Ventilator-associated pneumonia is the most common healthcare-associated infection in mechanically ventilated patients. Despite this, accurate diagnosis of ventilator-associated pneumonia is difficult owing to the variety of criteria that exist. In this prospective national audit, we aim to quantify the existence of patients with suspected ventilator-associated pneumonia that would not be detected by our standard healthcare-associated infection screening process. Furthermore, we aim to assess the impact of tracheostomy insertion, subglottic drainage endotracheal tubes and chlorhexidine gel on ventilator-associated pneumonia rate. Of the 227 patients recruited, suspected ventilator-associated pneumonia occurred in 32 of these patients. Using the HELICS definition, 13/32 (40.6%) patients were diagnosed with ventilator-associated pneumonia (H-posVAP). Suspected ventilator-associated pneumonia rate was increased in our tracheostomy population, decreased in the subglottic drainage endotracheal tube group and unchanged in the chlorhexidine group. The diagnosis of ventilator-associated pneumonia remains a contentious issue. The formalisation of the HELICS criteria by the European CDC should allow standardised data collection throughout Europe, which will enable more consistent data collection and meaningful data comparison in the future. Our data add weight to the argument against routine oral chlorhexidine. The use of subglottic drainage endotracheal tubes in preventing ventilator-associated pneumonia is interesting and requires further investigation.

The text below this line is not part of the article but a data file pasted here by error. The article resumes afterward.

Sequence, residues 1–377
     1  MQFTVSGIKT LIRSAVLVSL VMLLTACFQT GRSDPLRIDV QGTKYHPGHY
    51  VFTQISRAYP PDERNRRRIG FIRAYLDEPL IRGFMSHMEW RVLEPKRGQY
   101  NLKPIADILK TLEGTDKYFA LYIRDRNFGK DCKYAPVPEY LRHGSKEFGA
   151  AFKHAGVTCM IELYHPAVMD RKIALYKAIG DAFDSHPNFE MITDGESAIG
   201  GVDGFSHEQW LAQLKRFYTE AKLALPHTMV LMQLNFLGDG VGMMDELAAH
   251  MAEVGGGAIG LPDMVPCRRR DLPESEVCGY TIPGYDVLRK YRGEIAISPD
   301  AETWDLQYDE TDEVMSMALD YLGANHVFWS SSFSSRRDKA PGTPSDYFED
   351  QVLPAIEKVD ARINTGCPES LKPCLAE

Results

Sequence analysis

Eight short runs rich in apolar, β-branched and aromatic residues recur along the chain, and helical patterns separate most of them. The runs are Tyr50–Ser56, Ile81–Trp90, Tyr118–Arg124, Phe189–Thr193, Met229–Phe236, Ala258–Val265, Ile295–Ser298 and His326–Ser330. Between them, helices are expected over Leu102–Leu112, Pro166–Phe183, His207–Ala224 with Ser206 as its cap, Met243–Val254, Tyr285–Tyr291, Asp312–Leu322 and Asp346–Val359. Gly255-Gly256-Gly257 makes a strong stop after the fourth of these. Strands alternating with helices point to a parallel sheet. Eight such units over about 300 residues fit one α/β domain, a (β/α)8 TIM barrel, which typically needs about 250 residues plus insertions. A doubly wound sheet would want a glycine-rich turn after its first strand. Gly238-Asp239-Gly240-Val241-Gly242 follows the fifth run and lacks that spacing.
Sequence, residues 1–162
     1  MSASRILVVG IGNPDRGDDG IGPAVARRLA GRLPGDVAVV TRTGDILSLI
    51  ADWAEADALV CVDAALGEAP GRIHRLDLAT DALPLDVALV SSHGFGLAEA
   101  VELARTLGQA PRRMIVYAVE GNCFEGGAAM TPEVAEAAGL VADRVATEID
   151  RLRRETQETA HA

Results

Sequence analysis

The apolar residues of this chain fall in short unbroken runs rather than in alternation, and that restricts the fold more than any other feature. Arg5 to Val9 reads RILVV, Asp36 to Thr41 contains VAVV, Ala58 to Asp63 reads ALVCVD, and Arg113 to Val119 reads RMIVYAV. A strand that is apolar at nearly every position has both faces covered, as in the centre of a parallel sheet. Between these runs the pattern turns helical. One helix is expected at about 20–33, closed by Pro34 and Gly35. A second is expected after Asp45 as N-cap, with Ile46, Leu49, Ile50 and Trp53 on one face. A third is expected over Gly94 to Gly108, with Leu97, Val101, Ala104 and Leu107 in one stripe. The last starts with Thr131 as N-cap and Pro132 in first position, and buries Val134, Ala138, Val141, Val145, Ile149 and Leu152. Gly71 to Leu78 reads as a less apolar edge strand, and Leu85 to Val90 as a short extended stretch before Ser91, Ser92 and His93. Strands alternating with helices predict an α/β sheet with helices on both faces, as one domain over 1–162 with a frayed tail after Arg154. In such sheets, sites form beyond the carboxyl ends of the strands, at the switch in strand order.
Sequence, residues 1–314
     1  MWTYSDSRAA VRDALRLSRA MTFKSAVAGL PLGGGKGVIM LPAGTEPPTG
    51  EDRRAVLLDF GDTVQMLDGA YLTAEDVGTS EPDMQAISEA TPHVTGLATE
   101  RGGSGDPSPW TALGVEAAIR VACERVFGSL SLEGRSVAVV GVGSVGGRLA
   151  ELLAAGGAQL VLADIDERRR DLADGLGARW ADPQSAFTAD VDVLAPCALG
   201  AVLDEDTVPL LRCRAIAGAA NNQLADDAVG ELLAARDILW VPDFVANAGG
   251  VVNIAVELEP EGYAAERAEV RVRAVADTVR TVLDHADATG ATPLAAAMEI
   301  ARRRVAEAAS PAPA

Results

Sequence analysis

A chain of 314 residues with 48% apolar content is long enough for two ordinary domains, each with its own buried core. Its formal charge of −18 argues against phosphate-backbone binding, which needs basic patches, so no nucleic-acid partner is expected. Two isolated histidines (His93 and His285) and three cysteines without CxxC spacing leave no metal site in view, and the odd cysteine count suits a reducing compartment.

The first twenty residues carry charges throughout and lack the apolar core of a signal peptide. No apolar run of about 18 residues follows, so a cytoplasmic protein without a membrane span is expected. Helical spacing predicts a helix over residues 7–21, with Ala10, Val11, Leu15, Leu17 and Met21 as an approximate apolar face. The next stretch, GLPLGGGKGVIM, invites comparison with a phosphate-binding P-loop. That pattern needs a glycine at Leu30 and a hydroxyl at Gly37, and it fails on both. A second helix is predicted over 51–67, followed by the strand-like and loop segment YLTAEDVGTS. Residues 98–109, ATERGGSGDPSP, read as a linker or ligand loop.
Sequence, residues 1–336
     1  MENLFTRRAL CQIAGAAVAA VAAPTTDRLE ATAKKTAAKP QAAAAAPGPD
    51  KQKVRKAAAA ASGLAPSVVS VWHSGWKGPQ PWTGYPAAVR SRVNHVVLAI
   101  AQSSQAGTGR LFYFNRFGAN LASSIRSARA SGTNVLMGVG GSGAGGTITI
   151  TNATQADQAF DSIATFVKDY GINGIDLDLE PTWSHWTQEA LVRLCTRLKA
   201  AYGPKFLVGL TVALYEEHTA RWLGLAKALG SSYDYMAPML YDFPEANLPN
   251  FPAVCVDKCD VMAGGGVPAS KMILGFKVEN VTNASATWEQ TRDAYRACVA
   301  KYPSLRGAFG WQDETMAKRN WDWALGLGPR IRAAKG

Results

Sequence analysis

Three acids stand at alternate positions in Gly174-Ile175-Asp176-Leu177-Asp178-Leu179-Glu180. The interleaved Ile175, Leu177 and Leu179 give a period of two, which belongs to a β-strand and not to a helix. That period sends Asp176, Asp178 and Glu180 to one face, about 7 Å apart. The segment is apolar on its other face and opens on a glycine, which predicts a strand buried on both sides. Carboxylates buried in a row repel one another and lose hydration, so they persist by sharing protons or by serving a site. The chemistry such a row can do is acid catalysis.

- healthcare-associated infection surveillance
- subglottic endotracheal tubes
- Ventilator-associated pneumonia